If your organisation does not comply with these changes by 25 May, you will face consequences which could include heavy fines. Depending on which is greater, these could be up to 4% of your total annual turnover, or €20 million.

This information is based upon The Health Insurance Group's understanding of the GDPR requirements and is not legal advice. To find out more on what you need to do to make sure your business is ready for GDPR, visit: https://www.eugdpr.org/eugdpr.org.html

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Mental health: a growing issue

One in four people in England will have a mental health condition in their lifetime. In 2014 one in six adults in England had a common mental health disorder in the previous week and of those around half were experiencing more severe symptoms1.

This represents a significant proportion of the working age population, so this is not an issue that employers can afford to ignore. 

 

There are currently 1.5 million individuals in the UK who work with a diagnosed mental health condition, but this is probably the tip of the iceberg.

Many who experience mental health symptoms may be suffering in silence, or frightened to reveal their condition for fear of the consequences. And with good reason because those who have a mental health condition are twice as likely to lose their job as those without a mental health condition, and at higher rates than those with physical conditions too1.

Poor mental health has a major impact on an individual’s life, health, and on those around them

The impact can include panic attacks, difficulty sleeping, lack of concentration, and low self-esteem and confidence. It can leave people less able to cope with any pressures at home or work, feelings of social isolation, the breakdown of relationships, and ultimately can end in suicide.

Certain industries are experiencing higher rates of suicide than before, such as construction, and nursing. In predominantly male industries, including construction and farming, the working environment, its pressures and long hours, coupled with reticence about discussing mental health and the tendency to bottle-up feelings, have resulted in suicide rates that are 35 per cent higher than in other industries1.

The economic cost is equally alarming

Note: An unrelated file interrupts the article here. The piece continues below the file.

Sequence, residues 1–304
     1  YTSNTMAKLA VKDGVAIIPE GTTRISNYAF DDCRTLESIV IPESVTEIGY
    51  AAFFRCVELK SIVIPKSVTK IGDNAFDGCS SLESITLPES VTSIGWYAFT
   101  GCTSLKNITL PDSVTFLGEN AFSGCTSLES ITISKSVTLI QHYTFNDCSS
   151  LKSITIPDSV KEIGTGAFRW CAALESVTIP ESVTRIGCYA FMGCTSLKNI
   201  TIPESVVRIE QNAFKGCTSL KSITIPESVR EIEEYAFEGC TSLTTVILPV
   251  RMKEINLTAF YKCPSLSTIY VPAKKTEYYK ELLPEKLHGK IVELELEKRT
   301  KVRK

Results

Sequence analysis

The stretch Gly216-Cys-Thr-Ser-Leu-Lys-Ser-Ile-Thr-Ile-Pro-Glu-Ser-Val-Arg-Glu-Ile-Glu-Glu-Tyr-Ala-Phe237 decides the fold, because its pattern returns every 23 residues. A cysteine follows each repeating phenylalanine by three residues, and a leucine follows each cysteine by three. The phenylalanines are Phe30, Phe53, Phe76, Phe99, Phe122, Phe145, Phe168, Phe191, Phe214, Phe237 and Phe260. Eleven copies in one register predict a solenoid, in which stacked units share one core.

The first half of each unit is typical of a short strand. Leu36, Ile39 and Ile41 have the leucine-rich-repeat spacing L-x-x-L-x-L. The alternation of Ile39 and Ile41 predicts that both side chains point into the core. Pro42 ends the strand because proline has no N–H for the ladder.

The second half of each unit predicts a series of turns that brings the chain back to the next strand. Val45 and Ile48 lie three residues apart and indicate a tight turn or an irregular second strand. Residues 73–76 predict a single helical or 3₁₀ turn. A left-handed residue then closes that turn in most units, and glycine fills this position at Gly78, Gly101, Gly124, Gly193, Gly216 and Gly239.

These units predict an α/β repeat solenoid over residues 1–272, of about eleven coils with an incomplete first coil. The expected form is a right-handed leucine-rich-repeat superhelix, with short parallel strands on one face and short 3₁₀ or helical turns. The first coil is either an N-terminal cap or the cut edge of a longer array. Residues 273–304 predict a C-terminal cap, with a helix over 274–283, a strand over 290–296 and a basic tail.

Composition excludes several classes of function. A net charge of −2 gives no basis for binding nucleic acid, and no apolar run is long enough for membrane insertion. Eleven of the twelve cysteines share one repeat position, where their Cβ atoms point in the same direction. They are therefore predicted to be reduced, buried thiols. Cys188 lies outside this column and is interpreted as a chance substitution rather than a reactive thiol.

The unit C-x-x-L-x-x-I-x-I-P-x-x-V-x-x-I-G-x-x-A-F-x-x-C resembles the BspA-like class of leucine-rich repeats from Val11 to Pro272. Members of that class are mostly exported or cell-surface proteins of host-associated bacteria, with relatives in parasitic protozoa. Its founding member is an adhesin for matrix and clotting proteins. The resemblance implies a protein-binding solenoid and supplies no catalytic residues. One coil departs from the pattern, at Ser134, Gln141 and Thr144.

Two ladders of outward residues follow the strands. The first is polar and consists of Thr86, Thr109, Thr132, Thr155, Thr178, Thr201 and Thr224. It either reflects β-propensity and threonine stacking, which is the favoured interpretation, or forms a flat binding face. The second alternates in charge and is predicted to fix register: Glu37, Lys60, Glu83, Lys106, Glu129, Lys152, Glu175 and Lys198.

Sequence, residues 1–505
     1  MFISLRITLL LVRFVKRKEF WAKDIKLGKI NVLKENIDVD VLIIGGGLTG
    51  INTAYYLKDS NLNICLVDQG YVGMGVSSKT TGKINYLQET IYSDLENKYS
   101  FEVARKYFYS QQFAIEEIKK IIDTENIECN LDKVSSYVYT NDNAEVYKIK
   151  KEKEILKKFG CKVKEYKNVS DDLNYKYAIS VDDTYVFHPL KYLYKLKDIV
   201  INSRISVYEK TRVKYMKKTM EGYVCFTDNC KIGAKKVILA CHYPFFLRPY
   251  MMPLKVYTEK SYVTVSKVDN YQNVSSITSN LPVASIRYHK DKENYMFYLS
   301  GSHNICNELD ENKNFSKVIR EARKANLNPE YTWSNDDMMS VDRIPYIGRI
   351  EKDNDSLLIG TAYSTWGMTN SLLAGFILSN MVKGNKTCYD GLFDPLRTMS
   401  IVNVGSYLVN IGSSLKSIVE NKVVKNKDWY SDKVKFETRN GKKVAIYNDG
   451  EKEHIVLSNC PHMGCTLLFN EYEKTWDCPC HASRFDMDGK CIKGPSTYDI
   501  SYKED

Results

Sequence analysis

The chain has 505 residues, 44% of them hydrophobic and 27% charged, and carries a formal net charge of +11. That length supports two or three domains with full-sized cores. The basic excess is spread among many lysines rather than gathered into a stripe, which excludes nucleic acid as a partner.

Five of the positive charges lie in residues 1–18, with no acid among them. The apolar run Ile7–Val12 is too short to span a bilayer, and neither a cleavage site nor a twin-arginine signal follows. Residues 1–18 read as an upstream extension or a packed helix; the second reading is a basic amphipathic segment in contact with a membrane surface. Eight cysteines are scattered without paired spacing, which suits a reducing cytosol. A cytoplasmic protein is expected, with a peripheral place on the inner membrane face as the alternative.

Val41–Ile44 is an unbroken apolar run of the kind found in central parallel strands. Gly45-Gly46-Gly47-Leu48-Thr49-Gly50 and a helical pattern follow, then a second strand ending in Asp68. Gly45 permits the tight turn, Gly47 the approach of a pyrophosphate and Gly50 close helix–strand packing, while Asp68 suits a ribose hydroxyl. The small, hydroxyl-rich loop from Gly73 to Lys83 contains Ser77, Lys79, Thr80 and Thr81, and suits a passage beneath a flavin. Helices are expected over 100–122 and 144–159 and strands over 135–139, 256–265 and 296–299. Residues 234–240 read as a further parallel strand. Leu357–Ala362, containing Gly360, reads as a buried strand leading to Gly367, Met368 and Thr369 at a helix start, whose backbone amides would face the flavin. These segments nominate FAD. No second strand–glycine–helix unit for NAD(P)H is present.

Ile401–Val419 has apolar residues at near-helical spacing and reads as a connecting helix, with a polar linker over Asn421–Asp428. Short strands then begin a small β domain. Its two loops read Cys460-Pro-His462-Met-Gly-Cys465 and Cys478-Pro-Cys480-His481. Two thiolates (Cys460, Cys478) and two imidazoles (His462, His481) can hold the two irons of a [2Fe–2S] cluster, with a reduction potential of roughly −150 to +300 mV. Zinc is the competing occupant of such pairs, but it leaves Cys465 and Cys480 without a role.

Deloitte has recently completed some financial analysis that includes the cost of presenteeism, absenteeism, and staff turnover due to mental poor health2. It concluded that £8bn is lost every year in absence, between £17-26bn in presenteeism (working while unwell), another £8bn in staff turnover. Therefore the cost per every employee in work is between £1,205 and £1,560 each year, regardless of their mental health.

Deloitte’s analysis also found that the cost varies significantly between sectors with industries such as finance and insurance having higher than the average costs, while the retail or leisure industries are slightly lower than average. This still makes it too expensive to ignore! 

It is not all bad news though

There are signs that these trends are changing for the better as more employers focus on improving mental health at work. There are a growing number of employers of all sizes who are making a commitment to do more and improve practice.

Deloitte’s analysis demonstrated that the return on investment of implementing workplace mental health interventions could be significant, suggesting that for every £1 spent there was a potential return of in excess of £4. Indeed research is emerging that suggests that investing in management mental health training programmes reduced sickness absence with a ROI of nearly £10 for every £1 spent on the training. There is a sound business case to do more.

Employers who are proactively managing and supporting mental health at work know that they will have a more productive, committed, innovative and profitable business and workforce. That same proactive approach also improves employee engagement, the Holy Grail to getting the best out of your workforce. Engagement means that employees are treated well, valued, respected and listened to. This, coupled with good leadership and proactive wellbeing, can really help a business stand out from others in an increasingly competitive marketplace.

Not only is there a business case, but legally, morally and ethically it is also the right thing to do too

Regardless of their mental health, employers have a legal duty of care under the H&S Act 1974 to ensure that the health, safety and wellbeing of their employees is protected. Employers are responsible for assessing any risks or hazards arising from work, which includes work related stress.

Mental health is also considered to be a disability under the Equality Act 2010. If an employee has a recognised mental health condition they have a legal right to not be discriminated against in employment, therefore they should expect to be treated equally to everyone else.